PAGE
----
The 2012 ITI is officially over. The last racer, Dave Kelley, made it into McGrath at about 3:45 this morning. Noone, not even Tim Hewitt, is continuing on to Nome this year. I think this is the first year that has happened. The weather patter for the McGrath race this year was:
Day 1 - blizzard, dumped 3 feet of snow around the confluence of the Yentna and Susitna
Day 2 - high winds
Day 3 - some winds followed by another snow event.
(by this time I was sitting on my couch, so this is just armchair observing)
Day 4 - snow falling
Day 5 - negative 45 degree temps
Day 6 - negative 45 degree temps
Day 7, 8 - 8" to 1' of new snow fell on the final section of the course
Day 9 -Racers get passed by the Iditarod circus and the lead mushers.
Add to that a stomach bug that got passed around Rohn.
Nice way to lay it out there day by day, Sean. Day 1 through 8 was essentially Beat's pace, although he missed most of the 30 degree wet snowstorm into McGrath (and also managed to avoid that stomach bug.) Add also temperatures well above freezing (he saw up to 37) on day two, and you have a week of 80-degree temperature swings, heavy precip, and high winds. Who knows what "real winter" means, but in these years of advancing climate change, wild weather swings will probably become more common rather than less.
It's interesting you mention Billy's snowshoe and sled system may have not actually provided any advantage this year. I wondered about it myself. Beyond the time it takes to put everything together, a sled that massive would drag so much more than a wheeled bike, even in waist-deep snow. I'd be curious to hear what he thinks of that system. I also wonder how he's recovering from his frostbite. Have you heard from him?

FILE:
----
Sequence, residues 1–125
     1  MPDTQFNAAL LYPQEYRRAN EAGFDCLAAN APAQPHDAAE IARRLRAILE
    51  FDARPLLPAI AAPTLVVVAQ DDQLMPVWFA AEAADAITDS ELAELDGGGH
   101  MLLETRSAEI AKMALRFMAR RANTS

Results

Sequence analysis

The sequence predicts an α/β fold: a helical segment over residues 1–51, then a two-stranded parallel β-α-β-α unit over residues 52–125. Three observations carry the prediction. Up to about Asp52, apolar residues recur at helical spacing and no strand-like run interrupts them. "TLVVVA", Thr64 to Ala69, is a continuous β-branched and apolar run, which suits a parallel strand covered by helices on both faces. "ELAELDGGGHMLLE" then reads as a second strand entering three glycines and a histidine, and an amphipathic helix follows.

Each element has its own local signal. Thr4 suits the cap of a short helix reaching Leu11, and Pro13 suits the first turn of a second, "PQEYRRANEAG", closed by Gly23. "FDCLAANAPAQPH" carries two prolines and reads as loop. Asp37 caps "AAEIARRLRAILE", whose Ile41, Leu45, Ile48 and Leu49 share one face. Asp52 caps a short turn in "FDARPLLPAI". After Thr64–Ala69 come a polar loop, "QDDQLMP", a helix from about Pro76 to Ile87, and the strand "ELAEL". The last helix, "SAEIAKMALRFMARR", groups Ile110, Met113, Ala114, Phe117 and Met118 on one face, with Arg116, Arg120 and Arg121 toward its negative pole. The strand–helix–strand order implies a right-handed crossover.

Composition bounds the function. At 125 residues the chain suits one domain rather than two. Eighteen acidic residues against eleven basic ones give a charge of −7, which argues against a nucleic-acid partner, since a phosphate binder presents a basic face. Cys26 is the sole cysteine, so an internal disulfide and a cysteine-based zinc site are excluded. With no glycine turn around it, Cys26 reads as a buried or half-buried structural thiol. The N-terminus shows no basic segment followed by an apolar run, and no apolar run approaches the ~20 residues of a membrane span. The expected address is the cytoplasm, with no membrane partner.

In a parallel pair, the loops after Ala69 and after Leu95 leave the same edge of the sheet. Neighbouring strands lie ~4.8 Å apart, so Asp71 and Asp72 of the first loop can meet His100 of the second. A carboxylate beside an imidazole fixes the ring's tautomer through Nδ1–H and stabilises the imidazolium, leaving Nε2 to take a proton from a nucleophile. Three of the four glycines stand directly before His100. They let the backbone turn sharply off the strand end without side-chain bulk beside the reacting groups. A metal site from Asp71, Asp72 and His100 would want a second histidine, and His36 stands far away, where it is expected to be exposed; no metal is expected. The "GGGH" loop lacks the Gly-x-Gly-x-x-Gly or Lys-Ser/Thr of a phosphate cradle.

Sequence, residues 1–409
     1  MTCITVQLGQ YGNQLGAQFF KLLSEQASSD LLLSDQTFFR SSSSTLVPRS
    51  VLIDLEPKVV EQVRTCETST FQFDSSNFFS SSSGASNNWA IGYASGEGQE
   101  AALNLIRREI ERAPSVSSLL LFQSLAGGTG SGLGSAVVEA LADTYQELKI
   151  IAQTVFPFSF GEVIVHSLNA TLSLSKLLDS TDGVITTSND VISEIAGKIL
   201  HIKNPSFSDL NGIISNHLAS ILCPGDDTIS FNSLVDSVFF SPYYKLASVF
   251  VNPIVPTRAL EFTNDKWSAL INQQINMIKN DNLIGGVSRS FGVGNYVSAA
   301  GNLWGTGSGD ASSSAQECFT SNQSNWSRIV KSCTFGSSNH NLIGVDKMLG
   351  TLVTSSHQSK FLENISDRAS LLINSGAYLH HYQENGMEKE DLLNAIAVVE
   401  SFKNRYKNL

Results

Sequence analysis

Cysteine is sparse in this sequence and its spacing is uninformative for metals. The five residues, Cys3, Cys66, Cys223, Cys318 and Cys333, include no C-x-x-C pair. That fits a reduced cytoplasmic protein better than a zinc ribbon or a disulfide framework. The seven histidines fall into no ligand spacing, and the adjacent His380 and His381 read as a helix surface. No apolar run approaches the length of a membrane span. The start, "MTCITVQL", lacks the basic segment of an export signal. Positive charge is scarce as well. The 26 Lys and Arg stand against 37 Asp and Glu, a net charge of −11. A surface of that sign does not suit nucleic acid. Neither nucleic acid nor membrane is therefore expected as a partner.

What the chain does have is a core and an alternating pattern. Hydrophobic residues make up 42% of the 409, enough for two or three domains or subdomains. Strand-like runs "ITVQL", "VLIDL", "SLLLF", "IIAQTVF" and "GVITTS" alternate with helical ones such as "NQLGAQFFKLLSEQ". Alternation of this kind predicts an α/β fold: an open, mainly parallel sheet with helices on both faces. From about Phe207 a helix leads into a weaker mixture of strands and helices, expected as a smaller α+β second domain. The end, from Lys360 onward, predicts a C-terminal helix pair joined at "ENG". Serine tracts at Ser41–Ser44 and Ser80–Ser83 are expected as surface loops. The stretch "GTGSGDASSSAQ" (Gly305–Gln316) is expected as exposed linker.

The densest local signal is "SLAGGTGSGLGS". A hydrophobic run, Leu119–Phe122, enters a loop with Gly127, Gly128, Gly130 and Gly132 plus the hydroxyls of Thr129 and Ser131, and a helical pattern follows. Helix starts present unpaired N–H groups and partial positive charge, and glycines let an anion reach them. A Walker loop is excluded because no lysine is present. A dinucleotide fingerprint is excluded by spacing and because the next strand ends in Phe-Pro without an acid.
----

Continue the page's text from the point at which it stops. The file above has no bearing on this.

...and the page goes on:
Footwear seems tricky if you're planning for a lot of bike pushing. If you're basically prepared to push 300+ miles, you need something comfy that doesn't sweat too much, but if you're bringing a bike you also need something that will keep your feet warm during long periods of pedaling. I discovered in this year's Su100 that I can't just wear the warmest footwear possible and hike 100 miles. The system that worked great for me at -30 to -5 during an earlier training trek was terrible for -5 to +30 during the Su. I actually burned the skin around my ankles and had painful maceration across my soles because my feet were too hot (and wet) for too long. Of course layering systems are best but I think it would be a tough balance to strike. Anyway, footwear is tricky whether you're dragging a sled or using a bike as a laundry cart. Either way, if this year's weather is any indication of years to come, walking is probably the way to go in this race (unless your feet can handle 300+ miles of "walking" in ski boots.)